We want to hear from you. Motherwell is here to tell your stories.
The last time I stood here I tried on eight dresses. I was fighting the side effects from chemo. I had no hair. By Krista Genevieve Farris
I’d rather take the time to create something I want than to compromise. In a small, sugared way, I see it as a rebellion. By Shannon Williams
We pull ornaments from boxes labeled in my mother’s loopy cursive, giving our tree the same homespun look hers always had. By Mary Janevic
“Why is she like that?” my son asks. I hesitate. There’s no denying my mother’s passive aggressive disdain towards me. By Elizabeth Maria Naranjo
Cell phones do not work here, and on a good day it takes only ten minutes to open email. By Mindy R. Roll
My mom took off her scarf and revealed her bald head. We all braced ourselves, but the woman at the shop didn’t flinch. By Kandace Chapple
These words by Joan Didion summed up my twenties, but they also capture the predicament of my current midlife crisis. By Elizabeth Newdom
As parents sometimes it’s a struggle to carve out even a few minutes to breathe. By Steph Auteri
One day infants and diaper bags and hemorrhoids and boobs won’t be hanging off of your person like you’re a cross between a human mobile and a Sherpa. By Catherine Newman
After we gave it all to Goodwill, I lived in fear every day that I would see somebody else wearing my mom’s clothes. By Kandace Chapple
I told Mama to stop taking me to doctors when I was twelve. I didn’t want to be a burden. By SaraGrace Griffin
In a quiet, distant voice I tell my husband that I want to die. Not exactly dead, I clarify, but not this. By Laura G. Owens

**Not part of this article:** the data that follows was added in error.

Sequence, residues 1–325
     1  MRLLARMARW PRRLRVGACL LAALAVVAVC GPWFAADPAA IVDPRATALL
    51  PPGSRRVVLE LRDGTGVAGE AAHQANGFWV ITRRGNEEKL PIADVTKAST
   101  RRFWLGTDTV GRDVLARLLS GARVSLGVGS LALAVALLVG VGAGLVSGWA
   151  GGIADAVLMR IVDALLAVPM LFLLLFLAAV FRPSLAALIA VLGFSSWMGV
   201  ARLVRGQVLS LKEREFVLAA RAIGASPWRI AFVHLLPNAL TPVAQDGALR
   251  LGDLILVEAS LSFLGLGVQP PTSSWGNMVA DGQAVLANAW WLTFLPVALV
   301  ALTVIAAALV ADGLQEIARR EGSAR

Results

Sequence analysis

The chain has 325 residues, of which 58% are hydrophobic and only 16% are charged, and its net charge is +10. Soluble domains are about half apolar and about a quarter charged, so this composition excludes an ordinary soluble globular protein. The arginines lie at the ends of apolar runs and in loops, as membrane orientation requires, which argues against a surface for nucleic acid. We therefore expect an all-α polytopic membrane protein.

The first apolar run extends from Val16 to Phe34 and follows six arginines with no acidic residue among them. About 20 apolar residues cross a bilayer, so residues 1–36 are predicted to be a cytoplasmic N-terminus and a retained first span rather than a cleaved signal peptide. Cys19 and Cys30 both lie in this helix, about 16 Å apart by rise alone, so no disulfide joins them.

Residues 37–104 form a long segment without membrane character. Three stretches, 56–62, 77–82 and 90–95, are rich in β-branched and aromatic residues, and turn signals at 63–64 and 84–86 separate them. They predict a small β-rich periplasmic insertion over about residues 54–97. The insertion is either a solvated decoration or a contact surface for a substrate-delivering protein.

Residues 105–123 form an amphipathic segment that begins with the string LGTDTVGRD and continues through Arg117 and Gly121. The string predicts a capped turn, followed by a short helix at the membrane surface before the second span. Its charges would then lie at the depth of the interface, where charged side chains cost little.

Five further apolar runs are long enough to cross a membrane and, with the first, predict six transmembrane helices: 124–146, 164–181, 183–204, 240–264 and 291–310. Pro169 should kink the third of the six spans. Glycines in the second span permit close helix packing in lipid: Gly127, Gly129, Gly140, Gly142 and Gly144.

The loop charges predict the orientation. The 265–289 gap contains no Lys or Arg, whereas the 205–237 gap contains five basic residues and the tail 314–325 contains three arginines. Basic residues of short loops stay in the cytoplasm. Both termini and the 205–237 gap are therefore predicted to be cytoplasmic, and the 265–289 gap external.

Fourteen teenagers and three teachers are dead who were not dead a few of weeks ago, and my house is falling apart, and my children are at school. By Brianne DeRosa
You’re there because some nights she gets lost in the hallway on the way to the bathroom. You’re there because she has lost herself. By Amie McGraham
Nobody will send flowers. You don’t even have a face to conjure when you think of this child. By Maggie Downs
To throw away the cigarettes, and choose to run instead. To stop running when my hips hurt, and walk instead. By Kathleen Harris
I’m not sure when doing nothing after school fell out of favor. As a kid, I was a pro at nothing. We all were. By Francie Arenson Dickman
For what seems like a single frame of the video, I see my child silhouetted in the lights of the oncoming car. By Ian Smith
I held his illness deep inside me the way I would hold shame. In the dark, it rotted and grew. By Laura Leffler
We trot her out into the world, trying to help her gain confidence through exposure. But it only lasts for so long.
By Linda Pressman
So why is it you want a baby, my therapist asks. Love, I answer.
By Bethany Marcel
Sorry, can’t make it to the sorority reunion. My thermometer says I’m ovulating!
By Amy Klein